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- Open Access
In vivo three-dimensional structural analysis of cilia by cryo-electron tomography
© Ishikawa et al; licensee BioMed Central Ltd. 2012
- Published: 16 November 2012
- Microtubule Binding
- Fold Symmetry
- Negative Cooperativity
- Microtubule Binding Domain
- Dimeric Nature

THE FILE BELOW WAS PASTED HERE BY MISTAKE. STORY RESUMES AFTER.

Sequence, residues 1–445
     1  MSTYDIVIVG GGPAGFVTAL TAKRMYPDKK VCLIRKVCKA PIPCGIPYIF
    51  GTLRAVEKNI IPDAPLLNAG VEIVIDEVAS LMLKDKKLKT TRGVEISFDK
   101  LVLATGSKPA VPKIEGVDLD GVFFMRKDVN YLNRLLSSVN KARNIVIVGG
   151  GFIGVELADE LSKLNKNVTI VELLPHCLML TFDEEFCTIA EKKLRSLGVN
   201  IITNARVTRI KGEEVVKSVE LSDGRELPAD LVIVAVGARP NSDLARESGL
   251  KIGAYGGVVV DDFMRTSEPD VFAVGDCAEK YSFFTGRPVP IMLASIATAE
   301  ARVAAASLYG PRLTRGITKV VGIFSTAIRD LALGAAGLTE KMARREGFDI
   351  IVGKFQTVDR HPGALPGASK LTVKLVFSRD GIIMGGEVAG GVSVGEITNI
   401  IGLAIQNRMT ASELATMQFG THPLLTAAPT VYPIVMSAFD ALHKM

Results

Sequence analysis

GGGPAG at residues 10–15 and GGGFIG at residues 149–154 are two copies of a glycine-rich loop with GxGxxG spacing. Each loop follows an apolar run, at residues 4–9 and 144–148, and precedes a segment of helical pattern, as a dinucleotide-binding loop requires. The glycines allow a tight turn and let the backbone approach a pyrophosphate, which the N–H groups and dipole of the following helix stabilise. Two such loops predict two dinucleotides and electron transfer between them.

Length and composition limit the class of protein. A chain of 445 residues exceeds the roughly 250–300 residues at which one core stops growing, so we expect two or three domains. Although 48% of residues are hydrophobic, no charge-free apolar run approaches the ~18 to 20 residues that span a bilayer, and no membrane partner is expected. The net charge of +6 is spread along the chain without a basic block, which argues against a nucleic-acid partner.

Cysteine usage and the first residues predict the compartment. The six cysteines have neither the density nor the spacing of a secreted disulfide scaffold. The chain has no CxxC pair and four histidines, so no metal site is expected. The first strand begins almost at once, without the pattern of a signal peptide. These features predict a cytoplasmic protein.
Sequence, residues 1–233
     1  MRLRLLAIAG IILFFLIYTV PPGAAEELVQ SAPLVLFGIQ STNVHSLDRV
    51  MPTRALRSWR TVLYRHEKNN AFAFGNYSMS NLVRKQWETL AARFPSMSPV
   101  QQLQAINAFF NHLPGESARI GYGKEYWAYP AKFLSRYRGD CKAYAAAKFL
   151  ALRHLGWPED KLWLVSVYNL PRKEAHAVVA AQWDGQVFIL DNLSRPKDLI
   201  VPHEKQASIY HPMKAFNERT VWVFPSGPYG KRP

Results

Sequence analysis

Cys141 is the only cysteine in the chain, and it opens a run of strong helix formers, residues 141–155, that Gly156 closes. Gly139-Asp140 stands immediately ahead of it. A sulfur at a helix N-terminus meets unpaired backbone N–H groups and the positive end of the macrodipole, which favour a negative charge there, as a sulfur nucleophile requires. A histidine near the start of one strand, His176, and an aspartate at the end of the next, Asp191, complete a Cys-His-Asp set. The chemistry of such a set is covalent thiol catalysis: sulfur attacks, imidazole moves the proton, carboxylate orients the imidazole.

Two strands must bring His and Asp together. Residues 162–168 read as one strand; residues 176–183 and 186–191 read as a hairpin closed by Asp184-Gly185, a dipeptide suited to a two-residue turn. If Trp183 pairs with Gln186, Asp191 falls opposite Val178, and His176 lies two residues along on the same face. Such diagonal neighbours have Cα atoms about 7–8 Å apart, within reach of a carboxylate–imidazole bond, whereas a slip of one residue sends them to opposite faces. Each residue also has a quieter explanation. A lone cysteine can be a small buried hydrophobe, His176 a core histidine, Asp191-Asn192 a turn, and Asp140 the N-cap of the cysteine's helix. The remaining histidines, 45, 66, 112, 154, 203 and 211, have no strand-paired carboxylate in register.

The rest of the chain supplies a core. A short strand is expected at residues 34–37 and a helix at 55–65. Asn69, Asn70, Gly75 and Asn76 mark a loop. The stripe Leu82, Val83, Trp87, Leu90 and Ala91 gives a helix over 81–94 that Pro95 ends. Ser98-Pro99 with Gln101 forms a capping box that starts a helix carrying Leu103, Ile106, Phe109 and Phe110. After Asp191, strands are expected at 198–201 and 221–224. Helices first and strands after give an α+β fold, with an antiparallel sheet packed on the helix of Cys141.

Ciliary bending motion is driven by sliding of microtubule doublets with dynein molecular motors. Dyneins form two complexes: inner and outer dynein arms. The inner arm is supposed to determine the waveform, while the outer arm is likely an accelerator. However, the mechanism to integrate linear motion of dynein into well-orchestrated axonemal bending is still to be investigated. We are analyzing 3D structure of cilia from Tetrahymena, Chlamydomonas, sea urchin sperm and mouse trachea, to reveal the novel architecture of cilia. By comparing 3D structure of Chlamydomonas mutant axonemes, we located all the three outer arm dyneins and the eight inner arm dyneins (Bui et al. (2008) J. Cell Biol. 183, 923). Dyneins, which consist of the N-terminal tail, the ATPase ring, the stalk and the microtubule binding domain, undergo conformational change during the phosphate release: the ATPase ring shifts 8nm toward the distal end, which can explain the minus-end driven motor activity of dynein. Interestingly, in vivo, some dyneins change their conformations, while the other stay in the apo form, suggesting negative cooperativity among dyneins and bending mechanism caused by torsion at the boundary between dynein in the apo form and in the nucleotide-binding form (Movassagh et al. (2010) Nat. Struct. Mol. Biol. 17, 761). We also reconstructed 3D structure of the radial spoke, regulatory complex of 23 proteins (Pigino et al. (2011) J. Cell Biol. 195, 673). Each radial spoke has pseudo-two fold symmetry, indicating dimeric nature. Our 3D structure implies the assembly pathway of the radial spoke.
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